“The Catholic Church was a leading supporter of the repeal campaign, even asking parishes to pass a second collection plate at Sunday mass to help the cause.”
Which makes me sad as well. I support religious institutions’ beliefs, however wrong-headed I think they may be, but I wish they’d afford the same dignity to others. Nobody is trying to force the Church to support gay marriage, to allow gays to be married in its churches or by its priests. What business did the Church have interfering with civil marriage laws – passing out second donation plates to oppose equality?
This is especially difficult for me because I’ve been taking RCIA classes at our local parish, which lead in April to confirmation in the Catholic Church. I’ve always loved catholicism. My family is largely Catholic, though I was raised non-denominational. I went to Catholic school for a year, and always loved the saints, the rosary, the colors, the solemnity and the joy involved in the liturgical year, the intellectual and mystical traditions of the Church. It all felt, and still feels, more real to me somehow. Catholicism has a communal and spiritual depth to it that I never experienced at the Methodist or any other protestant church.
There are things that bother me about it, though. I am a decentralist at heart. I believe in the decentralization of power, no matter what the organization. If there is to be a hierarchy, I want it to be a hierarchy that is still very flat, with power spread as far and wide as possible. The very Catholic notion of subsidiarity plays a very strong role in my thinking on this – and, paradoxically perhaps, a very weak role in the Church itself. I’m not against the papacy. I’m just against the level of power the Pope seems to wield.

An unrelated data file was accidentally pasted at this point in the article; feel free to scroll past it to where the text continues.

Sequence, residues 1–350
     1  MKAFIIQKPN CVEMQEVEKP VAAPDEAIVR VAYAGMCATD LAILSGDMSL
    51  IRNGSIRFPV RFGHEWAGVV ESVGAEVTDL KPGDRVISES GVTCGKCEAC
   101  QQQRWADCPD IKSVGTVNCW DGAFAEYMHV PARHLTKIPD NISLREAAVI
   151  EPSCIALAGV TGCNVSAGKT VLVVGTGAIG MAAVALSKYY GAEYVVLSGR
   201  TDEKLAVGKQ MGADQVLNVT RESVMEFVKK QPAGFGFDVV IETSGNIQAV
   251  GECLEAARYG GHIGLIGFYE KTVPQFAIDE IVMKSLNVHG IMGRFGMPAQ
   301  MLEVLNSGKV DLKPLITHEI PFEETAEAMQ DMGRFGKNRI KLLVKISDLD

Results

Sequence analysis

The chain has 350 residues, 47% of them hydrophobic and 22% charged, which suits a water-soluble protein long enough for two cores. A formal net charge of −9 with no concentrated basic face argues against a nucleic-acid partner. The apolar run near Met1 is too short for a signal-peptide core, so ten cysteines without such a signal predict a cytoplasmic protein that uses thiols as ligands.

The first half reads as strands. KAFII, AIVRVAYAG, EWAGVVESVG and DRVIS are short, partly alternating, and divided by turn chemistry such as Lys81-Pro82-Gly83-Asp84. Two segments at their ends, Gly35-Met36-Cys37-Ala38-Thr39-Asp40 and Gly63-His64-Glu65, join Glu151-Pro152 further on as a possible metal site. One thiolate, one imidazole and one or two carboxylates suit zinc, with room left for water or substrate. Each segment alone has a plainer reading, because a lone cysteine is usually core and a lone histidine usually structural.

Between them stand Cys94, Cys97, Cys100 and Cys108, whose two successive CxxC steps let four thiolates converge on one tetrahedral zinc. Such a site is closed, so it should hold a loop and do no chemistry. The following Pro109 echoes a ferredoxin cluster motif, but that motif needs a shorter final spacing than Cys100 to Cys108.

Then, too, I think the treatment of women and gays is wrong. I think women should be able to be priests. I think, if Jesus were alive today, he’d agree. I just find the notion that Apostolic succession ought to be confined to men a bit outdated. Like a great misunderstanding of the universality of Christianity and Christ and what it means to be human and in communion with God.
I’m a little mixed on married priests, though I think by and large marriage should be allowed. I just know enough pastor’s kids to know that dividing your life between God, your flock, and your family can be extraordinarily difficult – especially on your children. Maybe there’s some wisdom in wedding priests to God only. Maybe not. People divide their lives similarly in a host of other professions.
In any case, the fact that the Catholic Church was instrumental in defeating marriage equality in Maine is saddening to me. The Mormons did it in California, and they were an easy target for my ire, I have to admit. I’ve always had issues with Mormonism, whether that’s fair or not. But Catholics? I mean, here is an institution devoted to peace and justice! Catholic priests were at the vanguard of the anti-war movement during Vietnam. The Pope came out against the Iraq war. Catholics were social activists against slavery, against the slaughter of native Americans….
But not for the gays who want – shudder – to marry. To become families. To join one of the most important social institutions our civilization has to offer.
It’s a shame, and it makes me wonder at the thrust of my heart. It makes me question whether I should be in this RCIA class at all, whether I should join an organization which I simply want to change. Is there a conflict of interest here? Should someone join a cause or a religious group or any other affiliation if one has such fundamental disagreements?
Andrew has a few more things to say about this: